Cartilage repair in the knee with subchondral drilling augmented with a platelet-rich plasma-immersed polymer-based implant.

Research paper by Alberto A Siclari, Gennaro G Mascaro, Chiara C Gentili, Christian C Kaps, Ranieri R Cancedda, Eugenio E Boux

Indexed on: 09 Apr '13Published on: 09 Apr '13Published in: Knee Surgery, Sports Traumatology, Arthroscopy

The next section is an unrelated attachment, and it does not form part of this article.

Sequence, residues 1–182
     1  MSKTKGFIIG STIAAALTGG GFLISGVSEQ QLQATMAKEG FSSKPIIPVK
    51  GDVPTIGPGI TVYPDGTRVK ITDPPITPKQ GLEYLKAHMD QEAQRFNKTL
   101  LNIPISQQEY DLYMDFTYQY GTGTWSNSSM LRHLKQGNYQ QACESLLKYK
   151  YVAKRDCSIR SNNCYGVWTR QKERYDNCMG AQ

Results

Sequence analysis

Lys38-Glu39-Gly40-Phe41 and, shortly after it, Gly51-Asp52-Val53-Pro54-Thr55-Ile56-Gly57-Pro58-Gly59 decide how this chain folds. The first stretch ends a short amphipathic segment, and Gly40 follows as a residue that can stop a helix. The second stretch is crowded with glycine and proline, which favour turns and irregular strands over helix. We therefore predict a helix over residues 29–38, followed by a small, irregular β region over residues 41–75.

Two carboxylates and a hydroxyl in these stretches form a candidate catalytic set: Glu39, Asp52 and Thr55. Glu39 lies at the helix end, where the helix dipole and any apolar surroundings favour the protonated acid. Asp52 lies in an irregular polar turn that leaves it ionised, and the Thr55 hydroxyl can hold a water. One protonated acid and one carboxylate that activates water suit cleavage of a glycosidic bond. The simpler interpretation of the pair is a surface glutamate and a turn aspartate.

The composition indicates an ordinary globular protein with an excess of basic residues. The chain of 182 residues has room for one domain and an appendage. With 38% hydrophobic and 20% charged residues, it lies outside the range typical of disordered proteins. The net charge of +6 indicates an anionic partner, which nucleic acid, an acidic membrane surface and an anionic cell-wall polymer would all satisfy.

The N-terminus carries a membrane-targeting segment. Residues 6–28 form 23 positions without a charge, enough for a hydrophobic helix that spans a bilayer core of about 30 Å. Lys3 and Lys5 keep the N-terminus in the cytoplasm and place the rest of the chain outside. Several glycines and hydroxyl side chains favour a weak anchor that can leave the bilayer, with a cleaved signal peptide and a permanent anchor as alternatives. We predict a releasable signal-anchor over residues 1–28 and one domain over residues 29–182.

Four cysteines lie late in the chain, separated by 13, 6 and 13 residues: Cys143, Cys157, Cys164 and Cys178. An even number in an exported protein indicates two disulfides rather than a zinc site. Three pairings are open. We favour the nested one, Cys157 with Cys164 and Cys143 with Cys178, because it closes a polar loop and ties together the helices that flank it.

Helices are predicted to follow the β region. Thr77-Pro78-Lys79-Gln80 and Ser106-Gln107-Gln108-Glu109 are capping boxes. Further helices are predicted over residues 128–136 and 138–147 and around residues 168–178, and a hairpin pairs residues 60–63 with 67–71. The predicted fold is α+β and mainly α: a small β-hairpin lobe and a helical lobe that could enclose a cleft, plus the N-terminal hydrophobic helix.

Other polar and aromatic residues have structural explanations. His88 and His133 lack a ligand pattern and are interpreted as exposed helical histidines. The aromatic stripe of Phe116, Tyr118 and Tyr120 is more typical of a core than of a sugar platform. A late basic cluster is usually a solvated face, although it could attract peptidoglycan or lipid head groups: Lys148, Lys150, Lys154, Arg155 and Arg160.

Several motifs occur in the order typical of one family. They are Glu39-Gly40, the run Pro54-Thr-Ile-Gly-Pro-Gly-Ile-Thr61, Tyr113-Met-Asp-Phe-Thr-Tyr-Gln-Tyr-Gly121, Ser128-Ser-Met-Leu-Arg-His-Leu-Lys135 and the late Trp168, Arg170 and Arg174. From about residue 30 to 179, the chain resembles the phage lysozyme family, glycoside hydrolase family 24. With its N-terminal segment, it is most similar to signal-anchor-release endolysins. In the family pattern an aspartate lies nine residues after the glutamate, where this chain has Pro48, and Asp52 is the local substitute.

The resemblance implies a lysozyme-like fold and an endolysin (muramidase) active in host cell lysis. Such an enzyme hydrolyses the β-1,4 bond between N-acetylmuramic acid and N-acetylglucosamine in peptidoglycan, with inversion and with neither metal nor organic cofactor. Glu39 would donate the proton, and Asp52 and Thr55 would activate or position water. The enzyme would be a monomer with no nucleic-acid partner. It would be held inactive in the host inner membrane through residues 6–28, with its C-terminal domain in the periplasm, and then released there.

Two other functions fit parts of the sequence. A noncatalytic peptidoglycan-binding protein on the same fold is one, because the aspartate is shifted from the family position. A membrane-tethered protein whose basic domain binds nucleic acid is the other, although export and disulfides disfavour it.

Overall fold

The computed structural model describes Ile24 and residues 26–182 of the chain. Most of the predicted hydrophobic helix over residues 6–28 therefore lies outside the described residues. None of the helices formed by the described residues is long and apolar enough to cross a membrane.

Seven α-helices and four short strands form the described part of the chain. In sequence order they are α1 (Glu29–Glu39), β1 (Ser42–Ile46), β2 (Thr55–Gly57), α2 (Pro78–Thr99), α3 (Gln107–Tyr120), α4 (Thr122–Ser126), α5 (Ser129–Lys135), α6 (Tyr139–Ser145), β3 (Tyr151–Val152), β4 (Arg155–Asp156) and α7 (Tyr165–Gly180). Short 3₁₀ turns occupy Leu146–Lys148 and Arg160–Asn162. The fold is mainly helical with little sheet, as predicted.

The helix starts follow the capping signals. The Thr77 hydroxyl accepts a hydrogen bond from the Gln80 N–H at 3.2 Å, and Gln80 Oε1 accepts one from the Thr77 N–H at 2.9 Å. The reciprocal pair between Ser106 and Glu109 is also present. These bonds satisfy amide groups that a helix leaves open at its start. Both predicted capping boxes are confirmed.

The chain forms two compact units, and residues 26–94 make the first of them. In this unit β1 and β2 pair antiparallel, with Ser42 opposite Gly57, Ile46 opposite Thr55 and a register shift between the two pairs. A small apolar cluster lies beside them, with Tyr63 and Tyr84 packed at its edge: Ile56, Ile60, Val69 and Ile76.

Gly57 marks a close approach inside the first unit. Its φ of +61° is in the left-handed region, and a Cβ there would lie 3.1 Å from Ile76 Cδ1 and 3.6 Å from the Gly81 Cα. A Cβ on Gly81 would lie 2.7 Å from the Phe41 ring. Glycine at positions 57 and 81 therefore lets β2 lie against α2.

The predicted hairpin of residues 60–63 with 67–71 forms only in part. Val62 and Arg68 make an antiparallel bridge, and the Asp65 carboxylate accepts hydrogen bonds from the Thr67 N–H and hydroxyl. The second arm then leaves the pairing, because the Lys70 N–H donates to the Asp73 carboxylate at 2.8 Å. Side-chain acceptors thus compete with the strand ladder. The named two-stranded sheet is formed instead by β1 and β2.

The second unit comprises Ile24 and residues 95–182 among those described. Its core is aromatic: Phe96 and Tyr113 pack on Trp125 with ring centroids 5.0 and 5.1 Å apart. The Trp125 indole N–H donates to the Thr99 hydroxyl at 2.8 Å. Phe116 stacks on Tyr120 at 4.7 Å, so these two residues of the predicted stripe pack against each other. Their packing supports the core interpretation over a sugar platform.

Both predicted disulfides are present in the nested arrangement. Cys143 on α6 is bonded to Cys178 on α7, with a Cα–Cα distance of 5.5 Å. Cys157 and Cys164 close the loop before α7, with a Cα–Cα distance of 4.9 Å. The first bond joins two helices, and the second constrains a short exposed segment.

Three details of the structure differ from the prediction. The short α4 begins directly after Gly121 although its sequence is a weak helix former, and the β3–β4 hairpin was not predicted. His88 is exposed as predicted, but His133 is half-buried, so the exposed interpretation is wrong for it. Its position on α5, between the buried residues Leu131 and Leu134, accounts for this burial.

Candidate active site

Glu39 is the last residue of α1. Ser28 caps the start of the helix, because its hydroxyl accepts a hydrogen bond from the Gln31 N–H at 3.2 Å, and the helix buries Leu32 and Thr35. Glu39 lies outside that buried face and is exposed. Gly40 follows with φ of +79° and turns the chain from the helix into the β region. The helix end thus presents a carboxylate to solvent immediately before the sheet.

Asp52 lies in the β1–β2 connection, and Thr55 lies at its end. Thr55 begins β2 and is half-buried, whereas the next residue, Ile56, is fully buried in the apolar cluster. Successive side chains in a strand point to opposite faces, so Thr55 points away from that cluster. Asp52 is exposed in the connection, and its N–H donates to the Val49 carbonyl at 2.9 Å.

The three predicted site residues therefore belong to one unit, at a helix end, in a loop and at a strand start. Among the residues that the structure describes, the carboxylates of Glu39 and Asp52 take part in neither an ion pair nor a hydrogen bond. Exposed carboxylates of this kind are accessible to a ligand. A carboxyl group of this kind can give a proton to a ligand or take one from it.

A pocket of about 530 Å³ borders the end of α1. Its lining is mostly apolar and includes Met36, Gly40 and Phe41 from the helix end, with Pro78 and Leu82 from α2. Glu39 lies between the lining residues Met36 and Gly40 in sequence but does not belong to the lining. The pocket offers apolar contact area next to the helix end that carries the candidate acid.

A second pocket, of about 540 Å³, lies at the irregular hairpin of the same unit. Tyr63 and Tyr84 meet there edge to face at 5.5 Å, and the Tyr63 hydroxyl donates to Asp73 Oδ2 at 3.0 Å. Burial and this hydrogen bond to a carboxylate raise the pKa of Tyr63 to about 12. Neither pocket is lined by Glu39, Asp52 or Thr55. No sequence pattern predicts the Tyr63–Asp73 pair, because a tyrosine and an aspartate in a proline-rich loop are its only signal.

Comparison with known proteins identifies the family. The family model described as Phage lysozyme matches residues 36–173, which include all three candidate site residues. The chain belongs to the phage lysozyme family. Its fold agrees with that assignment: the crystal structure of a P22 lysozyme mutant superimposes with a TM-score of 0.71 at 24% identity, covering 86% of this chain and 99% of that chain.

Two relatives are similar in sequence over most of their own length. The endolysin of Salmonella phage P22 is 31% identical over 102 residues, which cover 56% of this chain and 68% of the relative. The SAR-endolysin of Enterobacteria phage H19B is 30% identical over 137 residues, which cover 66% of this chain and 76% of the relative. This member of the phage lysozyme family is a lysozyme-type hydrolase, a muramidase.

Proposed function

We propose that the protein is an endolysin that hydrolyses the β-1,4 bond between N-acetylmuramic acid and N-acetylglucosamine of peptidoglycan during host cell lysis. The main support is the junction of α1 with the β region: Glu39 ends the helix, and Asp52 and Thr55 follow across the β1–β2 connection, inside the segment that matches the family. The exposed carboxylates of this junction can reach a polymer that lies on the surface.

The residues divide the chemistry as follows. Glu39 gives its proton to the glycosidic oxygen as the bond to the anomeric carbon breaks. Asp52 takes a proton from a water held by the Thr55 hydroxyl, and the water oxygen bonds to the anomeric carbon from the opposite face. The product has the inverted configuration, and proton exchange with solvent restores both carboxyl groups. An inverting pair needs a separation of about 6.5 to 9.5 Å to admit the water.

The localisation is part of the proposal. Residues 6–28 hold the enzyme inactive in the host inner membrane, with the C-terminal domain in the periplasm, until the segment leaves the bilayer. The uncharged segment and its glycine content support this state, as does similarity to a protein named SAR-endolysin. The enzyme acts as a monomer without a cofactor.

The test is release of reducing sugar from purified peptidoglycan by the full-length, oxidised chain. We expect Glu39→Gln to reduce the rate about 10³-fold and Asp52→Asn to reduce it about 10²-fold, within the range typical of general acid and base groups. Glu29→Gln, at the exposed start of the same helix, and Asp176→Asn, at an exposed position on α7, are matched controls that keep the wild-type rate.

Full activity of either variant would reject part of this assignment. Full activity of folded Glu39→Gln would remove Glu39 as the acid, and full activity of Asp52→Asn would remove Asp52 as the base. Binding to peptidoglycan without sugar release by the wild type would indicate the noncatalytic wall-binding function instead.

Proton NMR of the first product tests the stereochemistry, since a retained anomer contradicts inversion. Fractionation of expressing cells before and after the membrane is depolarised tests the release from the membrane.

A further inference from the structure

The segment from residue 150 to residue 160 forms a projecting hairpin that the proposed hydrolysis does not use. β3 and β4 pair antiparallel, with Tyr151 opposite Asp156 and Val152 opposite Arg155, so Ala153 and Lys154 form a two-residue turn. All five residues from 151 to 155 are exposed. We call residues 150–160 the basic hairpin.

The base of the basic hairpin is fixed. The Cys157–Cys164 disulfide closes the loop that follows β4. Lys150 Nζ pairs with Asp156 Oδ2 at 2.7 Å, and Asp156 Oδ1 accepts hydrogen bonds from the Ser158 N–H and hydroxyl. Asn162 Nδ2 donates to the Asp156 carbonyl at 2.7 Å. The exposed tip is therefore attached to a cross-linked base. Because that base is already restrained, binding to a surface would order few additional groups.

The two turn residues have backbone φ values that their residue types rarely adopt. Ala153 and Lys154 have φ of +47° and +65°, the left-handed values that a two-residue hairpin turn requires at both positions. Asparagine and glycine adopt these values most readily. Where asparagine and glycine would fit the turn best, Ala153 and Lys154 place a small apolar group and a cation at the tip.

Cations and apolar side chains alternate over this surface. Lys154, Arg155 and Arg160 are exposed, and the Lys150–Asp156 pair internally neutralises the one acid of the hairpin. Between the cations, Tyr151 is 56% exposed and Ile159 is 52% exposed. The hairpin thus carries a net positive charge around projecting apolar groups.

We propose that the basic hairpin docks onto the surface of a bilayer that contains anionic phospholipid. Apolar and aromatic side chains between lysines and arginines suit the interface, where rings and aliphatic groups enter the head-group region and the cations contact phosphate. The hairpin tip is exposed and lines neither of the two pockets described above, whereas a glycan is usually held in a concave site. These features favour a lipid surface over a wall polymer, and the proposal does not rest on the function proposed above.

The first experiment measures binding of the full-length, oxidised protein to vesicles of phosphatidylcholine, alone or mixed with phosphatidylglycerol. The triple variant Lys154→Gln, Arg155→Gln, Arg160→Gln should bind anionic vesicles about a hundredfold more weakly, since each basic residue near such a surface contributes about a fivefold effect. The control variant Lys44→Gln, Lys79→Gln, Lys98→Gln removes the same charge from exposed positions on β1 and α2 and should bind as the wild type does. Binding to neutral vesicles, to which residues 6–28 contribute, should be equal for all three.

The aim of our study was to analyse the clinical and histological outcome after the treatment of focal cartilage defects in non-degenerative and degenerative knees with bone marrow stimulation and subsequent covering with a cell-free resorbable polyglycolic acid-hyaluronan (PGA-HA) implant immersed with autologous platelet-rich plasma (PRP).Fifty-two patients (mean age 44 years) with focal chondral defects in radiologically confirmed non-degenerative or degenerative knees were subjected to subchondral drilling arthroscopically. Subsequently, defects were covered with the PGA-HA implant immersed with autologous PRP. At 2-year follow-up, the patients' situation was assessed using the Knee Injury and Osteoarthritis Outcome Score (KOOS) and compared to the pre-operative situation and 3-12-month follow-up. Biopsies (n = 4) were harvested at 18-24 months after implantation and were analysed by histology and collagen type II immune staining.At 1- and 2-year follow-up, the KOOS showed clinically meaningful and significant (p < 0.05) improvement in all subcategories compared to baseline and to 3-month follow-up. There were no differences in KOOS data obtained after 2 years compared to 1 year after the treatment. Histological analysis of the biopsy tissue showed hyaline-like to hyaline cartilage repair tissue that was rich in cells with a chondrocyte morphology, proteoglycans and type II collagen.Covering of focal cartilage defects with the PGA-HA implant and PRP after bone marrow stimulation improves the patients' situation and has the potential to regenerate hyaline-like cartilage.Case series, Level IV.